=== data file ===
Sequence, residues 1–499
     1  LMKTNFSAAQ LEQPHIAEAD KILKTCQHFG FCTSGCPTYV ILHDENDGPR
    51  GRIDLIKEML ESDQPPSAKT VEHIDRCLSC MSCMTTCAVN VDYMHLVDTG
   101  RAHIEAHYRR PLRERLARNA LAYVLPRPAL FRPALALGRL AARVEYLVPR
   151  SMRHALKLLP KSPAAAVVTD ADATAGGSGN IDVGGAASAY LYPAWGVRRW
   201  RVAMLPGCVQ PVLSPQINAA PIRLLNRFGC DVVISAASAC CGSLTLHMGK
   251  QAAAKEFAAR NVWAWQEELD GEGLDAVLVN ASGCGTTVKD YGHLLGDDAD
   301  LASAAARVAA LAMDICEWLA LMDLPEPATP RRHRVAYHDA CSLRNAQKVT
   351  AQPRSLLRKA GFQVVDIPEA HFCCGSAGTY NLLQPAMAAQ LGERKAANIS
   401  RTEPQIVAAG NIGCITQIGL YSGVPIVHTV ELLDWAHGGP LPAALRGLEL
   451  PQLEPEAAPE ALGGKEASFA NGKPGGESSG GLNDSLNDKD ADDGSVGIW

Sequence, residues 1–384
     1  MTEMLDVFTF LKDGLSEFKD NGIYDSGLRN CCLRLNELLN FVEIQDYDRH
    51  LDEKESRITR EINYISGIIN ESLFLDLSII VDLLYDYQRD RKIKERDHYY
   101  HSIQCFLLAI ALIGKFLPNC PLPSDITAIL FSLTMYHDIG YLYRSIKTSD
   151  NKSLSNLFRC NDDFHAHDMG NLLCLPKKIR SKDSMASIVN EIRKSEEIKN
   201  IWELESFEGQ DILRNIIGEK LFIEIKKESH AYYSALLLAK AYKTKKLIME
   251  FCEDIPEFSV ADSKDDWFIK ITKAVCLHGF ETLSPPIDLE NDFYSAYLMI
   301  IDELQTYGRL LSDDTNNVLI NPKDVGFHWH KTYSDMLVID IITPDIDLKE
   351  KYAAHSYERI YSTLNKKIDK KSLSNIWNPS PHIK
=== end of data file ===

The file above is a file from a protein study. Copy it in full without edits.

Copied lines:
Sequence, residues 1–499
     1  LMKTNFSAAQ LEQPHIAEAD KILKTCQHFG FCTSGCPTYV ILHDENDGPR
    51  GRIDLIKEML ESDQPPSAKT VEHIDRCLSC MSCMTTCAVN VDYMHLVDTG
   101  RAHIEAHYRR PLRERLARNA LAYVLPRPAL FRPALALGRL AARVEYLVPR
   151  SMRHALKLLP KSPAAAVVTD ADATAGGSGN IDVGGAASAY LYPAWGVRRW
   201  RVAMLPGCVQ PVLSPQINAA PIRLLNRFGC DVVISAASAC CGSLTLHMGK
   251  QAAAKEFAAR NVWAWQEELD GEGLDAVLVN ASGCGTTVKD YGHLLGDDAD
   301  LASAAARVAA LAMDICEWLA LMDLPEPATP RRHRVAYHDA CSLRNAQKVT
   351  AQPRSLLRKA GFQVVDIPEA HFCCGSAGTY NLLQPAMAAQ LGERKAANIS
   401  RTEPQIVAAG NIGCITQIGL YSGVPIVHTV ELLDWAHGGP LPAALRGLEL
   451  PQLEPEAAPE ALGGKEASFA NGKPGGESSG GLNDSLNDKD ADDGSVGIW

Sequence, residues 1–384
     1  MTEMLDVFTF LKDGLSEFKD NGIYDSGLRN CCLRLNELLN FVEIQDYDRH
    51  LDEKESRITR EINYISGIIN ESLFLDLSII VDLLYDYQRD RKIKERDHYY
   101  HSIQCFLLAI ALIGKFLPNC PLPSDITAIL FSLTMYHDIG YLYRSIKTSD
   151  NKSLSNLFRC NDDFHAHDMG NLLCLPKKIR SKDSMASIVN EIRKSEEIKN
   201  IWELESFEGQ DILRNIIGEK LFIEIKKESH AYYSALLLAK AYKTKKLIME
   251  FCEDIPEFSV ADSKDDWFIK ITKAVCLHGF ETLSPPIDLE NDFYSAYLMI
   301  IDELQTYGRL LSDDTNNVLI NPKDVGFHWH KTYSDMLVID IITPDIDLKE
   351  KYAAHSYERI YSTLNKKIDK KSLSNIWNPS PHIK